No one doubts the inherent value that parks hold for residents in surrounding communities but new research suggests they may also hasten gentrification.
A new study reported on by CityLab and published by Alessandro Rigolon of the University of Illinois at Urbana-Champaign and Jeremy Németh of the University of Colorado that the establishment of new parks in historically disinvested neighborhoods can result in housing price increases and the displacement of low-income people of color.
“Some suggest that a ‘just green enough’ approach, in particular its call for the creation of small parks and nearby affordable housing, can reduce the chances of this phenomenon some call ‘green gentrification’,” the pair write in a synopsis of the research. “Yet, no study has tested these claims empirically across a sample of diverse cities.”
Focusing on 10 cities in the United States, the study ran multilevel logistic regressions to uncover whether the location (distance from downtown), size and function (active transportation) of new parks built in the 2000–2008 and 2008–2015 periods predict whether the census tracts around them gentrified.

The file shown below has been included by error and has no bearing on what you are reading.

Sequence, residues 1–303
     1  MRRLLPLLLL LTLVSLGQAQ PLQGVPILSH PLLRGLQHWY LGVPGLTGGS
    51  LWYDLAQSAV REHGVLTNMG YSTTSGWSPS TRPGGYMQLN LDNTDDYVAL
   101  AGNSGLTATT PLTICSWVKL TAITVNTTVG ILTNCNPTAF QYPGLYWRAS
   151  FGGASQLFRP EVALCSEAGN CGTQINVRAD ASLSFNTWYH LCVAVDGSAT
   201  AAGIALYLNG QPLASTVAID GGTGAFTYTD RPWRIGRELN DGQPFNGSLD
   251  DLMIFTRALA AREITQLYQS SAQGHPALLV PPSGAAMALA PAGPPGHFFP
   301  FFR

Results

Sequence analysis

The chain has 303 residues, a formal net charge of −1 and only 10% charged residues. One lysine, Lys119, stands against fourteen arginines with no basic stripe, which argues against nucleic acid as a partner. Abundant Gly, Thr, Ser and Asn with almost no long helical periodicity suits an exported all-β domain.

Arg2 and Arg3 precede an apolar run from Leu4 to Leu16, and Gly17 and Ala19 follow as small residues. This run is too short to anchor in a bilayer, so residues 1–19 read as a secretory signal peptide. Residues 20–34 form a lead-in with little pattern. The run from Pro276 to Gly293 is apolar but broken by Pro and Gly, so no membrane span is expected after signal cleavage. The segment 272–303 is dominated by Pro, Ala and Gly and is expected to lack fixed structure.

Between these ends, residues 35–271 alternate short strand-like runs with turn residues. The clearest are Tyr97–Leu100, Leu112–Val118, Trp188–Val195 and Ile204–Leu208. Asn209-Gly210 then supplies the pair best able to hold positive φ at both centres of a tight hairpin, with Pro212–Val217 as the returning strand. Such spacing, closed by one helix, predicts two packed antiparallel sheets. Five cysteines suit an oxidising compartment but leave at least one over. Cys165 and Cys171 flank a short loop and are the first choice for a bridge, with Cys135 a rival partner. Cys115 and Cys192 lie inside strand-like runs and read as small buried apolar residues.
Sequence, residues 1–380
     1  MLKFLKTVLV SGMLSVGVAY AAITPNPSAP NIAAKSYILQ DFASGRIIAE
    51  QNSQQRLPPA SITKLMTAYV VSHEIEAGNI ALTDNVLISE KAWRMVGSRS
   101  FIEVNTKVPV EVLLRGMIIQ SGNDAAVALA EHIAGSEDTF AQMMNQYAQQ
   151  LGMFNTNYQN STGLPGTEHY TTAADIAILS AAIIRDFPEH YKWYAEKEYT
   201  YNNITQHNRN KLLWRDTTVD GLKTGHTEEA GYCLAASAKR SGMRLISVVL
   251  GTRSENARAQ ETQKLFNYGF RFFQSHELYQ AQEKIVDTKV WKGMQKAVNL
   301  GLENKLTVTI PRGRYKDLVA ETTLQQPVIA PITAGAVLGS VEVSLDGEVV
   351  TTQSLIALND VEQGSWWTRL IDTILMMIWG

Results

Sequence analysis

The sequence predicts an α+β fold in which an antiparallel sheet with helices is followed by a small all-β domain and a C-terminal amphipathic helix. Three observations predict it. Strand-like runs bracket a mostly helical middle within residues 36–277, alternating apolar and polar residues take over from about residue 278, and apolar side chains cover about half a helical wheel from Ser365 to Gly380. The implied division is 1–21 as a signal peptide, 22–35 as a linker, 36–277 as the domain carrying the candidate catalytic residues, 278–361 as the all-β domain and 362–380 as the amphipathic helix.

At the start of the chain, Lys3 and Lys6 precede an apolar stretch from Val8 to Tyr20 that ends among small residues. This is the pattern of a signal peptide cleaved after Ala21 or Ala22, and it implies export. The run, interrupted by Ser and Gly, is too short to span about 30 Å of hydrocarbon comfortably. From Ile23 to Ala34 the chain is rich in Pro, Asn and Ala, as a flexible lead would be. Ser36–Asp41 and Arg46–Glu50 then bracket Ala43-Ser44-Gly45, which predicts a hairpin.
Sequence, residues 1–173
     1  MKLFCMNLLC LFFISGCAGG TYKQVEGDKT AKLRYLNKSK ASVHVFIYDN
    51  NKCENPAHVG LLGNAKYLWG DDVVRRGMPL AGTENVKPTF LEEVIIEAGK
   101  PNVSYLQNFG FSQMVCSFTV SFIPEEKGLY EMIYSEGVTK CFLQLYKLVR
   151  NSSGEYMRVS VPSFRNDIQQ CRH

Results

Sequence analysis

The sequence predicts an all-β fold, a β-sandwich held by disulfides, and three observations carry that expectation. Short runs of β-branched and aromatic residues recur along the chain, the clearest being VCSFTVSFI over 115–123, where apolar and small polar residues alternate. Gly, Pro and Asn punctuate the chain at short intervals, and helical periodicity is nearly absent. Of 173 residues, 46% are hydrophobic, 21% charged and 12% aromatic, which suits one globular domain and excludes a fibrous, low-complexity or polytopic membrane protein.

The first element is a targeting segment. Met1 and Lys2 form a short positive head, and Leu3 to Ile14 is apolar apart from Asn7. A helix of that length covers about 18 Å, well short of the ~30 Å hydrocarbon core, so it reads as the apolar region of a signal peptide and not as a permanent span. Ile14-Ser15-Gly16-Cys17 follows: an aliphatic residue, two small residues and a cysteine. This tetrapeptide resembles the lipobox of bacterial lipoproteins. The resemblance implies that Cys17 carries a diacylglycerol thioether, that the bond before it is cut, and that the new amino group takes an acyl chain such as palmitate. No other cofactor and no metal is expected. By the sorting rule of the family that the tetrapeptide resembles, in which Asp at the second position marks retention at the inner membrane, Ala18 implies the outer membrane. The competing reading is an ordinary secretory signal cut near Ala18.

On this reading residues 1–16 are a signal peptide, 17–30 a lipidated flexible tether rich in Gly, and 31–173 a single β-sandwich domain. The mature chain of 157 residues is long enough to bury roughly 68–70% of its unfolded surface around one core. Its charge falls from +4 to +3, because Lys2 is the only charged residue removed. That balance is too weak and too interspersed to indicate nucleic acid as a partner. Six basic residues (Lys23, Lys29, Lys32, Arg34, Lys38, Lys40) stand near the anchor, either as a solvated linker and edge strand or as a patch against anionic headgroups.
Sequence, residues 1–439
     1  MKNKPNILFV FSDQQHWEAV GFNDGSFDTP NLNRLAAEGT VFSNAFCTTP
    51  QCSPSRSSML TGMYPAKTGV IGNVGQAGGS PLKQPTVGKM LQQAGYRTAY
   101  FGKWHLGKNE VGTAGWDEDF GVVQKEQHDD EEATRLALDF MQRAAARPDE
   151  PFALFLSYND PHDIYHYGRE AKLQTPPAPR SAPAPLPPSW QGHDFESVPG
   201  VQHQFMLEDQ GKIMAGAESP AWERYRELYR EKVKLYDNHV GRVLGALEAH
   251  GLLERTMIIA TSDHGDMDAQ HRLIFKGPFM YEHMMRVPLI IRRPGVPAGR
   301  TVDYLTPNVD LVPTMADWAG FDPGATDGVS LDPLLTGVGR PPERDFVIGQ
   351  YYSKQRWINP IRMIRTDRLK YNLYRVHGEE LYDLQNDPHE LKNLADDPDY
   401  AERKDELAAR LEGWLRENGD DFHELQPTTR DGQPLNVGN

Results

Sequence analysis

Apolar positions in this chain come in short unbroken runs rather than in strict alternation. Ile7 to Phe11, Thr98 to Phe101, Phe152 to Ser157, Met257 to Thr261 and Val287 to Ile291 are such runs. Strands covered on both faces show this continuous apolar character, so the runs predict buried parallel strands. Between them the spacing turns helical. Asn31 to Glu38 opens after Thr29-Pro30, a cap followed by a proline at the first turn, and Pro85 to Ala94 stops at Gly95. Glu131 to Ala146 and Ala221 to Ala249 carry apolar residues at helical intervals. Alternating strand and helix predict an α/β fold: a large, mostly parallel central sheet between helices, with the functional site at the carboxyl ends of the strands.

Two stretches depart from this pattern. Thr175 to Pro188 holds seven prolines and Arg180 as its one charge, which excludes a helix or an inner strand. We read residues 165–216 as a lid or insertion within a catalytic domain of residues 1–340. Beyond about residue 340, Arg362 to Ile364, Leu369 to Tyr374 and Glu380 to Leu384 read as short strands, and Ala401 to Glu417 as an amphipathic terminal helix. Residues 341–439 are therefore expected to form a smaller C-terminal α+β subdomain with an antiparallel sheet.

“We find that park function and location are strong predictors of gentrification, whereas park size is not,” he writes. “In particular, new greenway parks with an active transportation component built in the 2008–2015 period triggered gentrification more than other park types, and new parks located closer to downtown tend to foster gentrification more than parks on a city’s outskirts. These findings call into question the ‘just green enough’ claim that small parks foster green gentrification less than larger parks do.”
The takeaway is that it’s not parks generally that spur gentrification but specific types of parks, such New York’s High Line or Atlanta’s BeltLine.
The study found that location within a half-mile of a new greenway park increases by 200 percent the odds that a neighborhood will gentrify.